Did you know board game photography was a thing…I may have invented it. My brother and I have been strategy and war-game board game players for years. It’s an intellectually enriching hobby and one that’s fed my curiosity of the world. They create a magnificent space in which to test ideas of history, strategy, decisions and outcomes. These games are designed by some of the brightest people I’ve ever met.
History can be understood and misunderstood through books, classes, media, stereotypes and prejudices. Why did the Vietnam War happen, why did it play out the way it did. Was it western democratic fear of encroaching communism, was the outcome as much about misunderstanding entrenched culture as it was about misunderstanding communism itself, or lack of seeing the conflict as an insurgency.
Why replay that?
You play that in a game to understand and in that understanding you better prepare your mind for inevitable future conversations about the why of the contemporary world. History is that nightmare from which we refuse to awake. It has shown to be continually repeated. Could the Confederacy have survived long enough to force peace negotiations with the North and gain European recognition as a sovereign nation. It's interesting because it's the story of us. That conflict leads directly to the entrenched racial divide that defines our country today.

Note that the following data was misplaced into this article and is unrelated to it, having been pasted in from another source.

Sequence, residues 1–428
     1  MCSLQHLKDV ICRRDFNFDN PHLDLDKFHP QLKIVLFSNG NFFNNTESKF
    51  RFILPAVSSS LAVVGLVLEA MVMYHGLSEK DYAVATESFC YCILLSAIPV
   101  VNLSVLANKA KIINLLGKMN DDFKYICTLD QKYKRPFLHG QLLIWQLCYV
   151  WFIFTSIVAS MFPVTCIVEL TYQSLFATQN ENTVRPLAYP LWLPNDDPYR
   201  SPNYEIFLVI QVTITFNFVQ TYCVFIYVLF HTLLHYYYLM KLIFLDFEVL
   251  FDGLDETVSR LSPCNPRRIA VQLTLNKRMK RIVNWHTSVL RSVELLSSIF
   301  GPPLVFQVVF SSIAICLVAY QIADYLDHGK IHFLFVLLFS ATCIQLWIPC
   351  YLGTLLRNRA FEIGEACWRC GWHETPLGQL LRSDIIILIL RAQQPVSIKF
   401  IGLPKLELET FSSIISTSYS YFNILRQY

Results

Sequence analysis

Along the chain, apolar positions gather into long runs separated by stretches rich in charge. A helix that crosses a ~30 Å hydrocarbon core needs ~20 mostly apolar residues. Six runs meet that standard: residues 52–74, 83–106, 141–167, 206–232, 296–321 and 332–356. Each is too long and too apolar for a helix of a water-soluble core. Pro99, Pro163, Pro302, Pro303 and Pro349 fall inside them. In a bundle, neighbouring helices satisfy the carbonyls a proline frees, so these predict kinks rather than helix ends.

Back to photography, for in the hobby of strategy gaming photography is understandably somewhat lacking. Not in quantity, but in style and professionalism. Which makes perfect sense, most are photographed in poor lighting without thought to the craft of an image. I wanted to merge my two passions; a linking of player and photographer. I approached the publishing company GMT with an idea to photograph their game titles but do it in that symbiotic relationship. I could accurately setup the games, showcasing each titles unique characteristics and light, style and show angled perspectives that highlight features using a variety of photographic tools.
I also wanted to modernize some of the base product images, to graphically show components in a new way. Working on the photography in various cookbooks over the years I kept thinking about top-down ingredient shots which show each piece of a recipe. That's essentially what game components are, ingredients in the recipe of the game. So each game title gets a main image, showing an exploded view of all the components. A fair amount of these components are flat cardboard. To give them dimensionality I use small foam core boards that raise the product off the background. My key light is angled off axis and raised to about 4 feet. This yields a soft shadow that adds the depth the flatter product needs.
But my main focus is to get detailed in-game situations that reflect the titles and their unique additions to the hobby. This is where my experience as a player comes in. It’s been a fun project and GMT is an absolute dream client to work with. What’s been most enjoyable is taking a product that few have professionally photographed before and put my own twist on it.